Shongi

Shongi

Gorilla Family

Shongi

8 MEMBERS | UPDATED: 4 DECEMBER 2019

Shongi gorilla group is found in Rushaga tourism sector of Bwindi Impenetrable National Park (BINP) and is headed by the dominant Silverback Bweza. Initially, Shongi group size was as large as 34 members including multi-males but over time intra-male rivalry caused notable dispersals of individual males as well as fissions. In July 2010, Shongi group split to form Mishaya group and later-on split again to form Bweza group in August 2012. Today Shongi group is composed of 8 members including; 1 Silverback, 1 Blackback, 3 Adult females, 1 Sub-adult and 2 Infants.

  • 1

    Silverbacks

  • 3

    Adult females

  • 1

    Blackbacks

  • 1

    Sub-adult females

  • 00

    Juveniles

  • 2

    Infants

About mountain gorillas

The eastern gorilla is a large hominid with a large head, broad chest, and long arms. It has a flat nose with large nostrils. The face, hands, feet and breast are bald. The fur is mainly black, but adult males have a silvery “saddle” on their back. When the gorilla gets older, the hair on the saddle of the back becomes white, much like the gray hair of elderly people. This is why the older males are called silverbacks. Grauer’s gorilla has a shorter, thicker, deep black fur, while the mountain gorilla has a more bluish color. The mountain gorilla is slightly smaller and lighter than Grauer’s gorilla, but still larger and heavier than the western lowland gorilla and the Cross River gorilla. Males are much larger than females. A full-grown male eastern gorilla typically weighs 140–205.5 kg (309–453 lb) and stands 1.7 m (5.6 ft) upright.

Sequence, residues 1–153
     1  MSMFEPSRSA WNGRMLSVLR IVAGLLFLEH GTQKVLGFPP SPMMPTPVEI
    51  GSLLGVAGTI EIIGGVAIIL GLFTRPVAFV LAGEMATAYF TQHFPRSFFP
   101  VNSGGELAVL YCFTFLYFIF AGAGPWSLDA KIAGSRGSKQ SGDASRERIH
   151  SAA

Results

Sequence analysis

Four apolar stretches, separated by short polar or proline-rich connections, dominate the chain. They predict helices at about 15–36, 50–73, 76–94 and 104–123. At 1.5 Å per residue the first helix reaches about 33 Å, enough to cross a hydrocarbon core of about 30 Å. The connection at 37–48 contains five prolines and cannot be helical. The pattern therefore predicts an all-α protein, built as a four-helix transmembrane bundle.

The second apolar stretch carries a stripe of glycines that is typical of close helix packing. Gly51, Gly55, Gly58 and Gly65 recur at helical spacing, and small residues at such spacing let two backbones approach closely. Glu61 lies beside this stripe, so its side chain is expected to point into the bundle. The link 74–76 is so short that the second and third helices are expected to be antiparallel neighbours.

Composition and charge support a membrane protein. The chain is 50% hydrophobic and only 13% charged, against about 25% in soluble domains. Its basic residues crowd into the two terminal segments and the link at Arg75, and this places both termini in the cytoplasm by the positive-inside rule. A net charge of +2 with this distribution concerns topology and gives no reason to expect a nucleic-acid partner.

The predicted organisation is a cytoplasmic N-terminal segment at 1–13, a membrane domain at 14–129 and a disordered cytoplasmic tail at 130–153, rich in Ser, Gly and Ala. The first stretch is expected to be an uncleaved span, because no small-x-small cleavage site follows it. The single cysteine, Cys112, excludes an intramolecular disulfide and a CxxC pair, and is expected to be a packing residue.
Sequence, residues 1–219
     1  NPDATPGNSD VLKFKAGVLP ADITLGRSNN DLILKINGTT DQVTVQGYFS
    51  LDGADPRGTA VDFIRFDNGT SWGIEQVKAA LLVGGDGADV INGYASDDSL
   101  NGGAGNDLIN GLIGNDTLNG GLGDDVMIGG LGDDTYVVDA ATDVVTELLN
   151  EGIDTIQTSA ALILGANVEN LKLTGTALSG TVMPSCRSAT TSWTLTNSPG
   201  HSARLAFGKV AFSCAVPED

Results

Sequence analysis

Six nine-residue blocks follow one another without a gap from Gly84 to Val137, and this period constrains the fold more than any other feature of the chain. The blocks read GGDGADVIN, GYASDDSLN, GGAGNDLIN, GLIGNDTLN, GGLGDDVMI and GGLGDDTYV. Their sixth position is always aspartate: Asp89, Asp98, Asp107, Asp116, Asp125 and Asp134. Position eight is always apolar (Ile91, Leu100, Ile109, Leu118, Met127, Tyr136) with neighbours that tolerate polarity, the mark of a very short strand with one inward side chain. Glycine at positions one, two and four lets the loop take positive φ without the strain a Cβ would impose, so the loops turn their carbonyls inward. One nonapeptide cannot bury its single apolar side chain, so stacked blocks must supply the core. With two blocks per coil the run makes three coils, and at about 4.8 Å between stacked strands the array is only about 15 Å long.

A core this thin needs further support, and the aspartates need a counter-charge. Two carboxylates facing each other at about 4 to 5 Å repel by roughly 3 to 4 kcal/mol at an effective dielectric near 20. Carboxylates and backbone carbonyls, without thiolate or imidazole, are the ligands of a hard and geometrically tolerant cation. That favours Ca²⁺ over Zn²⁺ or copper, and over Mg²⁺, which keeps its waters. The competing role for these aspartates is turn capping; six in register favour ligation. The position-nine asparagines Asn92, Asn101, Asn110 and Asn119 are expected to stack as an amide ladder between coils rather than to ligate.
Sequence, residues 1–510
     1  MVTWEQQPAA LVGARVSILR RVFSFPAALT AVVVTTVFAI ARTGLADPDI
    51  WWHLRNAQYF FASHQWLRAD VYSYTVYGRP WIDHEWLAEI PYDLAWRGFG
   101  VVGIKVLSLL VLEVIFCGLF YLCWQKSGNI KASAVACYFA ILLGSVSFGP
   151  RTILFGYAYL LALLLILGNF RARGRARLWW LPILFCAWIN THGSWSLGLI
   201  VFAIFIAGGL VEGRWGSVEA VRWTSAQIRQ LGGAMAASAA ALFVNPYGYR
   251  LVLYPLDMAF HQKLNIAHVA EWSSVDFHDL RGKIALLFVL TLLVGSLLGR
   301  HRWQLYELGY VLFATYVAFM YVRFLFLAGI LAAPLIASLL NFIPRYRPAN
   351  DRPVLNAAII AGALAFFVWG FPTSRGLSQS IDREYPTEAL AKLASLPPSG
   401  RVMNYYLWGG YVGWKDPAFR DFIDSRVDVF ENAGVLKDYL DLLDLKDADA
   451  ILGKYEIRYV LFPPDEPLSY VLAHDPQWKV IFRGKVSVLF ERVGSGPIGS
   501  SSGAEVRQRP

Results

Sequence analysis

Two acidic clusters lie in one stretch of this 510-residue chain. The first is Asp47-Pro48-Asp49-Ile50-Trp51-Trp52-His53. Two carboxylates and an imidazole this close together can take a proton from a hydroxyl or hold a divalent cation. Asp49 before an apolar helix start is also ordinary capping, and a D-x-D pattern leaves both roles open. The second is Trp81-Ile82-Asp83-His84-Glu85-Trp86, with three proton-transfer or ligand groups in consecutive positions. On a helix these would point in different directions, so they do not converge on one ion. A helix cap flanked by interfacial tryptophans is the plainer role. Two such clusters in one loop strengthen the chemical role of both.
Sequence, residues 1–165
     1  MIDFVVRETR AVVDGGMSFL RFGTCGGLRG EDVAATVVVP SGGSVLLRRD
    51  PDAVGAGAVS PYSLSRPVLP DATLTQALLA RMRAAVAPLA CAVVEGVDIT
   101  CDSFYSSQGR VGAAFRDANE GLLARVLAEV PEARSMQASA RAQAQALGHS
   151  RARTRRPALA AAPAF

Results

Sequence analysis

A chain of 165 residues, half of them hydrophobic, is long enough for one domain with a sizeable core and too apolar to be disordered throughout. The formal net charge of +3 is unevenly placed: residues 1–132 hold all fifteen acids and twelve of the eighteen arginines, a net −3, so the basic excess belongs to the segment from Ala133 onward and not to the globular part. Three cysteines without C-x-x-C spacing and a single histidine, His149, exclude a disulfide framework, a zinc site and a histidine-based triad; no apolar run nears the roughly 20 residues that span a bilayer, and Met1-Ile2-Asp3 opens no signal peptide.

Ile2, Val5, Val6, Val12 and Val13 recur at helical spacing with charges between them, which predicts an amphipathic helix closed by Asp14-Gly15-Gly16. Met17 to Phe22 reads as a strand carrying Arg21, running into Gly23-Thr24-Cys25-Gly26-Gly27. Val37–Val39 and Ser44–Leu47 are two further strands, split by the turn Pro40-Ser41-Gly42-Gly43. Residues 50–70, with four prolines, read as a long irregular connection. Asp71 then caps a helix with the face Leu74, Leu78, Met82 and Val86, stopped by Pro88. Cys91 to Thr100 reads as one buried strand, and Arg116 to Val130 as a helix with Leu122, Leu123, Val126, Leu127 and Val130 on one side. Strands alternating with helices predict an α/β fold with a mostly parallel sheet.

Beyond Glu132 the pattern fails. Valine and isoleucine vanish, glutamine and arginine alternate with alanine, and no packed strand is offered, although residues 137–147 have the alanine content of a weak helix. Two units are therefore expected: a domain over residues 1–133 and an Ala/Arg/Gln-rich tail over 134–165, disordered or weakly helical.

The goal of the International Gorilla Conservation Programme (IGCP) is to ensure the conservation of mountain gorillas and their regional afromontane forest habitat in Rwanda, Uganda and the Democratic Republic of Congo (DRC).

Bwindi Impenetrable National Park

Bwindi Impenetrable National Park

Situated in South-Western Uganda, Bwindi Impenetrable Forest is a large primeval forest at the edge of the Albertine Rift and the western branch of the East African Rift, at elevations ranging from 1,160 to 2,607 metres. The majestic forest is home to half of the world's population of mountain gorillas.